Figure 1: Average economic profit by industry (McKinsey)

 

 

The McKinsey research identified what they term an “economic profit gap,” which became evident in 2010 and has been widening ever since COVID has accelerated these trends and widened the gaps between the top (leaders), middle (followers) and bottom (laggards), which aligns to the Leader-Follower-Laggard gap from our 2021 Strategic Priorities research. What is notable is that leaders have robust digital business models that support online buying and servicing. Insurance as an industry is within the laggard group, highlighting the challenges for the industry to accelerate their digital transformation. 

Some insurance leaders have been early adopters and innovators – like Progressive, while many are still behind the curve. At the same time, we have seen InsurTech start-ups emerge with highly digital business models like Lemonade, Metromile, Next, Haven Life and Ladder Life that are constantly innovating and raising the bar.

Insurance companies must reinvent themselves as technology-forward companies that can deliver customized products and highly personalized services to meet new expectations from customers and keep in step with new digital leaders. What are the new capabilities that will wow customers and the new products that will protect-as-they-go?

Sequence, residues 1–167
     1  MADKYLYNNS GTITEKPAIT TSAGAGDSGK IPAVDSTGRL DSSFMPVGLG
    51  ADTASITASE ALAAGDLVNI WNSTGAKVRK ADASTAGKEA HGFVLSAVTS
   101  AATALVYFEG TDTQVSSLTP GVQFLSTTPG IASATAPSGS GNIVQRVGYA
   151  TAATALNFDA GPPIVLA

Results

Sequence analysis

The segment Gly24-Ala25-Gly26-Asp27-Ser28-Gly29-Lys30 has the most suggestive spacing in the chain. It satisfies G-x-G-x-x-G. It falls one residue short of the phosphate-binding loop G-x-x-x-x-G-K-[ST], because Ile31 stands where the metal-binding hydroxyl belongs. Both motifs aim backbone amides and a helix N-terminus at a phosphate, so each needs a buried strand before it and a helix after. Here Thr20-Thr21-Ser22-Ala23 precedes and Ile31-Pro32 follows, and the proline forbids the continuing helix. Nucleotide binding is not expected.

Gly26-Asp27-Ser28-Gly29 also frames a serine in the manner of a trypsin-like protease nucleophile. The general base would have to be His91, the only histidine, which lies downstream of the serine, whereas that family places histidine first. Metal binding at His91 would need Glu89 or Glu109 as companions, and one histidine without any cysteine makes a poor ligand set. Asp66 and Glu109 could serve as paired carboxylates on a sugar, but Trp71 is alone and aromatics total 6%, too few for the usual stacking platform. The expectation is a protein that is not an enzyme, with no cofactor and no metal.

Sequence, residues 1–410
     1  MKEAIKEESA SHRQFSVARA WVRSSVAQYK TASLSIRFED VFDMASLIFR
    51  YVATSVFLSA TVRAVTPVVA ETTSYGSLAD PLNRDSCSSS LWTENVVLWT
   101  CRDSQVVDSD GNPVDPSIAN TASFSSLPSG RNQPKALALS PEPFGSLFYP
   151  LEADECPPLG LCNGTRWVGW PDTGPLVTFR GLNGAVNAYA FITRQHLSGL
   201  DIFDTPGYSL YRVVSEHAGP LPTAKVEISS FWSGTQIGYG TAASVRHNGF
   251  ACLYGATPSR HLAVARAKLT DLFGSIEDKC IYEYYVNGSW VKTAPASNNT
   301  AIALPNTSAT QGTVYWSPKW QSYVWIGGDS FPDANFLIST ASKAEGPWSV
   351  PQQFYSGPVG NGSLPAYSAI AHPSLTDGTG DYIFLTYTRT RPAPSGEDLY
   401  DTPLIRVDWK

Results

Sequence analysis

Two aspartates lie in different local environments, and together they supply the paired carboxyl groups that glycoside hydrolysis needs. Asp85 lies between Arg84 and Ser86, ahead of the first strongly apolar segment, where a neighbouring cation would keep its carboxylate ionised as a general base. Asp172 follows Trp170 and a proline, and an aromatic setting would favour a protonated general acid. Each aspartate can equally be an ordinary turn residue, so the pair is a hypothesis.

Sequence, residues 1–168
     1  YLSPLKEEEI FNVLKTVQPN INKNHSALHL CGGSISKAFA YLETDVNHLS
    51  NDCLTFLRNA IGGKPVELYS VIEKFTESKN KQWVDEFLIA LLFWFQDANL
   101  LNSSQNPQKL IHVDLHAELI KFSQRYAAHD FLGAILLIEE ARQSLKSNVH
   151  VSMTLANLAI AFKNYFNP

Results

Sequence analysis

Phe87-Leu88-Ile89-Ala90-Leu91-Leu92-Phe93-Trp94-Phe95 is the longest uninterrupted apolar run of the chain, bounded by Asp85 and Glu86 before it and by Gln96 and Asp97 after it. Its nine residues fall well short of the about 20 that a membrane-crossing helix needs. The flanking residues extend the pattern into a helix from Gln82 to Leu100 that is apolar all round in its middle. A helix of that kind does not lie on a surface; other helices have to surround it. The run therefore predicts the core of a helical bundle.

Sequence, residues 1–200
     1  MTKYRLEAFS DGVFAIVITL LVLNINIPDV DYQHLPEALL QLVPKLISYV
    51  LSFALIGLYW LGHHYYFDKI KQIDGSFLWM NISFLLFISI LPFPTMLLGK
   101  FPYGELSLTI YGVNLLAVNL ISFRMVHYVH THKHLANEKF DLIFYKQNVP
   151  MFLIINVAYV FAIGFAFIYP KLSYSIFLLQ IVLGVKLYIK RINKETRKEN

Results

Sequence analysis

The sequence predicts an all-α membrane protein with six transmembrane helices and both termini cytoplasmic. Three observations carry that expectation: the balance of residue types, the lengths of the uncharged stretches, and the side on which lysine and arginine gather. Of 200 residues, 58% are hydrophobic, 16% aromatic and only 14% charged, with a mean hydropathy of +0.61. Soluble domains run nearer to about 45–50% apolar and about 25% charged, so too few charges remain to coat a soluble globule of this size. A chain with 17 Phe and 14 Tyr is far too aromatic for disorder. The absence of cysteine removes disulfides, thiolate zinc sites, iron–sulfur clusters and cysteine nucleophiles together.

Going forward, insurers must support multi-channel engagement; embrace platform technologies including cloud and APIs to support increased real-time data exchange across systems; use advanced digital and data analytics to rethink underwriting; embrace ecosystems for access to data, distribution channels and digital capabilities from a growing array of partners; and implement digital experience platforms to build next-gen customer experiences. These capabilities must leverage next-gen core technology to realize the value of digital transformation.  

Within this year’s Strategic Priorities research, we did a deeper dive into some of these digital capabilities to assess where insurers were focusing their time and resources and to understand where they are leading, following or lagging compared to peers. Encouragingly, insurers are focused on customer self-service solutions, but are behind in other areas. While they may be focused on these areas, the question is, are they using the next-gen approach or are they still using the siloed approach of the past? 

Who and what is driving digital?

First, it was the introduction of the Apple iPhone. Then it was COVID. Both of these “events” are major inflection points that shifted the industry to digital and then accelerated that shift, as reflected in Figure 2. 

Customers are driving the shift, from changing demographics to new behaviors and expectations. This shift has created an “outside-in” view, shifting from a transaction focus to creating a holistic, compelling experience. Our customer research for auto and life in 2020 highlighted this shift. Unfortunately, the current customer experience is fragmented, inconsistent and difficult at best, as they are forced to interact with disparate “portals or apps” to complete anything from servicing and billing to claims. Over the last decade insurers have gotten “portal happy” – creating portals for every type of transaction, not just for customers, but for distributors as well.